Matt Rawnsley

The former professional cricketer, Matt Rawnsley, carved out a successful career in business before returning to manage the club he played for and then switching sports to become the CEO of Edgbaston Priory Club 


I was a professional cricketer for nine years for Worcestershire CCC. After finishing playing in 2003, I went into sales of capital machinery which eventually took me to Caterpillar. I had various roles in sales and account management, ending up being responsible for Caterpillar distributors across the Middle East, North Africa and the CIS. I got my first managing director position in Evesham at Barnes Group, who specialise in the manufacturing of automotive, aerospace, and medical components, before becoming a group managing director with the same company, overseeing businesses in UK, France, Spain and Germany.

Then I got the call from Worcestershire CCC to go back to the club as CEO. It was great to be involved back in sport again and while we had some significant success it was time to move on in late 2020 and take up the position at Edgbaston Priory Club.  There have been challenges in the last two years in the shadow of the pandemic but being a members’ club has meant that loyalty has been very high and we are now at the stage of preparing our development plan for the future.


As chief executive I’m responsible for the delivery of the board strategy, while overseeing the day-to-day operations of the club. Our board is elected to serve the 3,300 members, working alongside the executive team. We have world class sports and racquets facilities on our 14-acre site and host international tennis, squash and racquetball tournaments.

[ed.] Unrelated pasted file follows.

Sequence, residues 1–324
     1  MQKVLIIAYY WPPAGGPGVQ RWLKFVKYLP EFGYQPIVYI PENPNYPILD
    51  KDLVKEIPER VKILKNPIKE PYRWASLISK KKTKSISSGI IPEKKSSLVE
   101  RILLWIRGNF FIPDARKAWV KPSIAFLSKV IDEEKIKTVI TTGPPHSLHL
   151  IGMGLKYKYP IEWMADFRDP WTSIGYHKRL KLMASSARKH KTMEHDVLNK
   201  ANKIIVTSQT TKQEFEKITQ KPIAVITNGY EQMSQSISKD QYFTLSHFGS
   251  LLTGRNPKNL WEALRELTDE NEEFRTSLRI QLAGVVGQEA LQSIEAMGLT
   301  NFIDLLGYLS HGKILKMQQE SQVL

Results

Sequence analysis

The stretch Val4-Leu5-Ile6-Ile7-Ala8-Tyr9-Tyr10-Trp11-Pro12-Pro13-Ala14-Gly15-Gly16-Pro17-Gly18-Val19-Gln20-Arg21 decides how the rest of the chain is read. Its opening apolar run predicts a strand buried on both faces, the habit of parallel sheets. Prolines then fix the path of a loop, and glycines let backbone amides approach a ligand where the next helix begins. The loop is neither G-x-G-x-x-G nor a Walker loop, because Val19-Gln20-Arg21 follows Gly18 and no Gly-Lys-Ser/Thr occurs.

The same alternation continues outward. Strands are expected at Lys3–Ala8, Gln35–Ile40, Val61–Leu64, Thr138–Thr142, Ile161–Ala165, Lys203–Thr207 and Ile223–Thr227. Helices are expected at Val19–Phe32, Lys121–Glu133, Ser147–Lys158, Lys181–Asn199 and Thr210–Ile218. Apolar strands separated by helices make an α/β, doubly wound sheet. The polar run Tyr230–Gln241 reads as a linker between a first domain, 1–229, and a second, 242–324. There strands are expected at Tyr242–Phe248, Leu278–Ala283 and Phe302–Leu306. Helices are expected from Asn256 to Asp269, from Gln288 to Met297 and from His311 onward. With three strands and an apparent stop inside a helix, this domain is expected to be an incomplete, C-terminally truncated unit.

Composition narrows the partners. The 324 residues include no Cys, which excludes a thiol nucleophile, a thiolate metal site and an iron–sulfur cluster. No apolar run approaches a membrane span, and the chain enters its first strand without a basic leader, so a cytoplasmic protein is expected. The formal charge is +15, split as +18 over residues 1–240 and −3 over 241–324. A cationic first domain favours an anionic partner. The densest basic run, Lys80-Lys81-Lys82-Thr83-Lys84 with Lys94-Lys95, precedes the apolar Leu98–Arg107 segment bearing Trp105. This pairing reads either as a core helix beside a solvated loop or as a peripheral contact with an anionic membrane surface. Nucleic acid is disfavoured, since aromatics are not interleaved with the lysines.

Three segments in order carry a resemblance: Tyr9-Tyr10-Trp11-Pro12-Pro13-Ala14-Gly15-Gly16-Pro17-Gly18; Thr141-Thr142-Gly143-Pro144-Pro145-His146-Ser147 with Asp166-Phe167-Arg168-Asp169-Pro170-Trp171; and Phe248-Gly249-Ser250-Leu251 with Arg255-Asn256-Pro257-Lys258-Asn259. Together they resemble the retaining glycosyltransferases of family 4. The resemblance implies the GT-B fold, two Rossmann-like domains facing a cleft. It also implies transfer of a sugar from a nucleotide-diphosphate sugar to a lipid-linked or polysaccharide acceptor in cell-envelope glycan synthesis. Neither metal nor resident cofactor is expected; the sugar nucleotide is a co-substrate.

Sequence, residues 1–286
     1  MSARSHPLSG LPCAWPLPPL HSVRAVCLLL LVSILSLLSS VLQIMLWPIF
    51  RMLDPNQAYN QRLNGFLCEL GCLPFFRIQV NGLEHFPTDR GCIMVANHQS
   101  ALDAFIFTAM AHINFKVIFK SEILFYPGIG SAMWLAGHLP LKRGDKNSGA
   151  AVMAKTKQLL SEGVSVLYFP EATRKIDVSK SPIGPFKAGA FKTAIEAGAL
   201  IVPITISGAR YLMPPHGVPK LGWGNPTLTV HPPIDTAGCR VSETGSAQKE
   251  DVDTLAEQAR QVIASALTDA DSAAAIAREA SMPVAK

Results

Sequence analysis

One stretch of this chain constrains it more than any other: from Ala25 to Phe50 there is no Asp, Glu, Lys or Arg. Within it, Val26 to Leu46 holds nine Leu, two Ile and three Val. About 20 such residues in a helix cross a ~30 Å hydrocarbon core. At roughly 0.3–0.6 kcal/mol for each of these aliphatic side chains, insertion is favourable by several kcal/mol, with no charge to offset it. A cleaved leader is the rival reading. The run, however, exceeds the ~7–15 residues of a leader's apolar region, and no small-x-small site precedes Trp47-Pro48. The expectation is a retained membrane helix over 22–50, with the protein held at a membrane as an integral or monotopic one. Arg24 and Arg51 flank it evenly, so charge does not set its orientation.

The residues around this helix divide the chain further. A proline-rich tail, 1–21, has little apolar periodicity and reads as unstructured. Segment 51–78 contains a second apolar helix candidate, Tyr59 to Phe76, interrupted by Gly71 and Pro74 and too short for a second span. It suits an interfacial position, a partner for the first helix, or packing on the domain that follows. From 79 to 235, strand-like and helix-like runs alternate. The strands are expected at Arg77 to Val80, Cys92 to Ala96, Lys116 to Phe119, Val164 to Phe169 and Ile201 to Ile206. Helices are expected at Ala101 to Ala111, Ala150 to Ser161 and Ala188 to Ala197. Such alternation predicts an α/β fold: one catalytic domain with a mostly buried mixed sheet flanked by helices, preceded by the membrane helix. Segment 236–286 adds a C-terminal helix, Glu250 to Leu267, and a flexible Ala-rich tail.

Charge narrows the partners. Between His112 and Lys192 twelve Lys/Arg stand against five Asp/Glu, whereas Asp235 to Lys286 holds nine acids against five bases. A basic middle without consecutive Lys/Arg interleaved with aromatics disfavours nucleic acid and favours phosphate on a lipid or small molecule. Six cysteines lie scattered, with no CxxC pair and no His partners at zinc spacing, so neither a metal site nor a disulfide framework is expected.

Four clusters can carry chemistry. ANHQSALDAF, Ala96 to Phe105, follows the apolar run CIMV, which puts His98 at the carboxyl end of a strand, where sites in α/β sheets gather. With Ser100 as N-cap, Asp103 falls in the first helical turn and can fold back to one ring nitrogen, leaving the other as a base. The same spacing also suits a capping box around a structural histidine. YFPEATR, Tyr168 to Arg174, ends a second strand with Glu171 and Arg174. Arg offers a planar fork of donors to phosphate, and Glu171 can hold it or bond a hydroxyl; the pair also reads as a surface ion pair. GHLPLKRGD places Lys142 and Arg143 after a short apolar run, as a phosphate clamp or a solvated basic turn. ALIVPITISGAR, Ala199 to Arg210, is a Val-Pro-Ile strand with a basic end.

The club is seen as a prestigious venue but we need to do more to promote the impact we make in the community. That’s both in using sport to develop the younger generation through our schools and community outreach programmes and our work with the Heart of Birmingham Vocational College to provide workplace opportunities for young people with learning disabilities.   On a personal level, I really enjoy sports and to be a bit better at tennis would be great.


I’ve obviously got a few highlights from my cricket career but if I think back over the last decade or so, hosting an event with the British Ambassador to Russia at his residence opposite the Kremlin was pretty cool. Also, setting up an engineering company in Germany, when I don’t speak German and I’m not an engineer was also something that pushed me to my limit. I completed an Ironman triathlon in my 20’s and have no desire to ever do that again!


I think it’s good to be in a state of ‘positive paranoia’ when you’re leading an organisation. It means you’re aware of the opportunities and the risks and the capabilities of your team to deliver. Also, trust your gut. It’s likely that you’re right, so don’t delay in making decisions.


I grew up in Selly Oak and the city has changed a lot since the 80’s and 90’s. Birmingham has a big city appeal but in a more compact environment that larger cities like London.


I still play cricket at weekends, albeit slower and the recovery usually stretches to the middle of the following week! I’m a fan of never going somewhere twice. Travelling with work used to take me to the most wonderful places you would never go to on a traditional holiday, so I like to take my family to as many new places as much as possible – and that doesn’t have to be abroad.